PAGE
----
What Is Ethical Hacking?

The practice of ethical hacking involves “an authorized attempt to gain unauthorized access to a computer system, application, or data,” according to the definition from Synopys. More specifically, the practice involves using the tools and techniques of malicious attackers to identify security vulnerabilities and resolve them before they can be exploited.
Ethical hackers, who are sometimes known as white hats, “use their knowledge to secure and improve the technology of organizations,” Synopsys says. “They provide an essential service to these organizations by looking for vulnerabilities that can lead to a security breach.” Ethical hackers then report vulnerabilities to the organization and suggest ways to remediate the issues. 

Ethical hacking is also part of the rapidly growing field of IT security, which the U.S. Bureau of Labor Statistics says is "projected to grow 33 percent from 2020 to 2030." In this article, we’ll look more closely at the practice of ethical hacking as one way to get started with a career in cybersecurity.

What Do Ethical Hackers Do?

As Garry Kranz writes, “ethical hackers use many of the same methods and techniques to test IT security measures, as do their unethical counterparts, or black hat hackers. However, rather than taking advantage of vulnerabilities for personal gain, ethical hackers document threat intelligence to help organizations remediate network security through stronger infosec policies, procedures and technologies.”

These hacking techniques generally include the following, Kranz says:

  • Identifying vulnerabilities with port scanning tools, such as Nmap, Nessus, Wireshark, and others
  • Scrutinizing patch installation processes
  • Performing network traffic analysis
  • Attempting to evade intrusion detection systems, honeypots, and firewalls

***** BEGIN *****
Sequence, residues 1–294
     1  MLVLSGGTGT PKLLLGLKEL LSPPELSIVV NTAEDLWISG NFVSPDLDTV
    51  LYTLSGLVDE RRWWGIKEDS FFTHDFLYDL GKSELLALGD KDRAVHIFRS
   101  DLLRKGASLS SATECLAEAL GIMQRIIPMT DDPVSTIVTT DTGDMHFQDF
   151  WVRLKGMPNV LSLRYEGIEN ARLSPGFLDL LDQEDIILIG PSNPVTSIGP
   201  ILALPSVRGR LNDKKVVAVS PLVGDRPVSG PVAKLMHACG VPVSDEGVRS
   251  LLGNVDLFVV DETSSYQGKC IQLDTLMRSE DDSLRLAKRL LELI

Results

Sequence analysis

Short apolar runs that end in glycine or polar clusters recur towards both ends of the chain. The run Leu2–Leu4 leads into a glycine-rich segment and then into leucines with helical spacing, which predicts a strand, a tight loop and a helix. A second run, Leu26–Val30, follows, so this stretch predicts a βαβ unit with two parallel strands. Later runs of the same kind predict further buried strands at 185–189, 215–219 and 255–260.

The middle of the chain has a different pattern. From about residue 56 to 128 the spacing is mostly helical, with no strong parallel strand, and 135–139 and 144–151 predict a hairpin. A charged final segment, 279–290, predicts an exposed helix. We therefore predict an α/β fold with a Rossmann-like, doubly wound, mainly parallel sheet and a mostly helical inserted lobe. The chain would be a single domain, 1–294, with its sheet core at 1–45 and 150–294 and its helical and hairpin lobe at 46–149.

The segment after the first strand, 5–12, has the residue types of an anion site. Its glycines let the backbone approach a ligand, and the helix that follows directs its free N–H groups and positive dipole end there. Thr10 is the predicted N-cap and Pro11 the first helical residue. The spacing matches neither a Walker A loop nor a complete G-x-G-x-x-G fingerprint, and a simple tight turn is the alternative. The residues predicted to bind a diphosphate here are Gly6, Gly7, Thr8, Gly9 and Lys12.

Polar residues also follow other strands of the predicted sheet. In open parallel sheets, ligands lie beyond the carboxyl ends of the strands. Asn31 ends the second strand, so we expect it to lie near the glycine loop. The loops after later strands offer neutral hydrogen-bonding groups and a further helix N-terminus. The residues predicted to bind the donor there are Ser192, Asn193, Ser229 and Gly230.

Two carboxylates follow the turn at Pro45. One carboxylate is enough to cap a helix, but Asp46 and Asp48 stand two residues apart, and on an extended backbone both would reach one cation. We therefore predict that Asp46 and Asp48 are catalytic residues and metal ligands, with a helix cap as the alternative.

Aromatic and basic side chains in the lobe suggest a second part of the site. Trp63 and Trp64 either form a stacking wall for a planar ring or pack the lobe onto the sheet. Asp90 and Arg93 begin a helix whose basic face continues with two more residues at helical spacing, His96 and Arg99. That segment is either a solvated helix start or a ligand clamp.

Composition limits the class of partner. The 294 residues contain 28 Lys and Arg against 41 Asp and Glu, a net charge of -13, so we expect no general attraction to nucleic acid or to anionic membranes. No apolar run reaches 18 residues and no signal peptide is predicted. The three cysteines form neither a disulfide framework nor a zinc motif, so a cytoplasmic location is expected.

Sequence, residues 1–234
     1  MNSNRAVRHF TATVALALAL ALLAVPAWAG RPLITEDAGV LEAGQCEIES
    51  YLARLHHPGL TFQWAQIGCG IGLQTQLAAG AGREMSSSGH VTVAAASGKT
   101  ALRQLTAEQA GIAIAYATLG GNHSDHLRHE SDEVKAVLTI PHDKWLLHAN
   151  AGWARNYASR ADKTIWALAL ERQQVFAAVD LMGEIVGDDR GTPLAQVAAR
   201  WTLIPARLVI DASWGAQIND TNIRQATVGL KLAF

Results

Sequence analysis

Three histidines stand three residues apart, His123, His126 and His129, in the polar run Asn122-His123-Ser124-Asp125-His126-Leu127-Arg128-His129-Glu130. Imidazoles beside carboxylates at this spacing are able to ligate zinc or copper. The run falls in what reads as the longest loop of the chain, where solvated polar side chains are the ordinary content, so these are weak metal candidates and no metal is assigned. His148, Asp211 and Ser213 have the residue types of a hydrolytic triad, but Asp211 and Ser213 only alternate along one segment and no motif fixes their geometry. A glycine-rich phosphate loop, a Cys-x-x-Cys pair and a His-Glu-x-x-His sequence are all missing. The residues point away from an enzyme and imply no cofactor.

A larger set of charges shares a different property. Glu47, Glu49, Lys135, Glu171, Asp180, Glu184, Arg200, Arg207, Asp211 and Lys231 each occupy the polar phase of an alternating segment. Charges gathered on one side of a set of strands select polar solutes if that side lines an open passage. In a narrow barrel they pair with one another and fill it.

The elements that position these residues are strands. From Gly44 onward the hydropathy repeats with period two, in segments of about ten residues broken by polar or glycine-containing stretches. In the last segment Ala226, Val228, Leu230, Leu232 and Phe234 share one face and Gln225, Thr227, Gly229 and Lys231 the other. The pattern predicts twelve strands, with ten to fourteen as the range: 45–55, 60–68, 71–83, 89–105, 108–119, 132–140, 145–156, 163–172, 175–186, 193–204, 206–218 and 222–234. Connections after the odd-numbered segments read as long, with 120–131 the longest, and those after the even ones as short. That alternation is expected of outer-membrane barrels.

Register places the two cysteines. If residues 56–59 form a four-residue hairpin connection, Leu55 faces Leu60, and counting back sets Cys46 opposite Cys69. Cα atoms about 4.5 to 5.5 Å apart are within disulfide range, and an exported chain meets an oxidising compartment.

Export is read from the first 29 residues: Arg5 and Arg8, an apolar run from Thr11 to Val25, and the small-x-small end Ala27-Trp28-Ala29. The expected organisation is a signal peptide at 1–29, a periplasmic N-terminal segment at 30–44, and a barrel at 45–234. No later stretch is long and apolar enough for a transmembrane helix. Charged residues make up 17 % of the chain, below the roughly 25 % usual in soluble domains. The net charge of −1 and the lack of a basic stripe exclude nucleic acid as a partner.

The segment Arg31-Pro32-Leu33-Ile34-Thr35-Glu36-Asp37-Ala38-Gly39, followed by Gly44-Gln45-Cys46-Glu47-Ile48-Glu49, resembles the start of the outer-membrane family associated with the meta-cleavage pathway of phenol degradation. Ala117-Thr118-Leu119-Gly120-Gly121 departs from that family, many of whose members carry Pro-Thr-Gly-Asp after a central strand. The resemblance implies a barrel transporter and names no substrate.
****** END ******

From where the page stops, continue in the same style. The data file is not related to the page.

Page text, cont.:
Professional Skills

Building any career in IT security or cybersecurity requires a strong background and practical experience in several areas, such as: 

  • Networking and network security
  • System administration
  • Intrusion detection 
  • Hardware and software configuration

The skills required for ethical hacking then build on these fundamentals. For example, the SANS Ethical Hacking training course teaches the “methodologies, techniques, and tactical tools of modern adversaries” and offers “advanced and intensive training” in exploitation development, wireless and mobile device hacking, and penetration testing.

Hacking professionally, however, involves much more than just penetration testing and other tactical skills, notes Christopher Hadnagy, CEO of Social-Engineer, LLC. “The social engineering side, security awareness, and the other parts that all lead to the part of being a professional” are equally important, he says. Thus, Hadnagy has developed a Social Engineering Code of Ethics with 11 points to help maintain professionalism in the industry. 

This code of ethics includes guidelines such as:

  • Avoid engaging in, or being a party to, unethical, unlawful, or illegal acts that negatively affect your professional reputation, the information security discipline, the practice of social engineering, or others’ well-being.
  • Minimize risks to the confidentiality, integrity, or availability of information of your employer, clients, and individuals involved in engagements.
  • When training future social engineers, consider that training will leave a lasting impact on your students, and the methodology with which you train will echo through all students’ future engagements.

Jobs and Qualifications

Note that jobs related to ethical hacking go by many names and comprise many duties. The following list from ITCareerFinder shows a few relevant job titles and corresponding salaries:

  • Certified Ethical Hacker: $89,000
  • Computer Forensics Investigator: $88,000
  • Cybersecurity Analyst: $98,000
  • IT Security Specialist: $104,000
  • Network Security Engineer: $109,000
  • Vulnerability Analyst: $89,000

Qualifications also vary but, according to the Berkeley School of Information, “employers — typically in the computer, business, financial, and consulting industries — tend to hire analysts with experience in a related occupation where they’ve learned to plan and carry out security measures that protect an organization’s computer networks and systems.” Certifications are also important as they can help validate a candidate’s skills in specific areas.

Check out the training links and other resources below to learn more.

Training and Events

Other Resources

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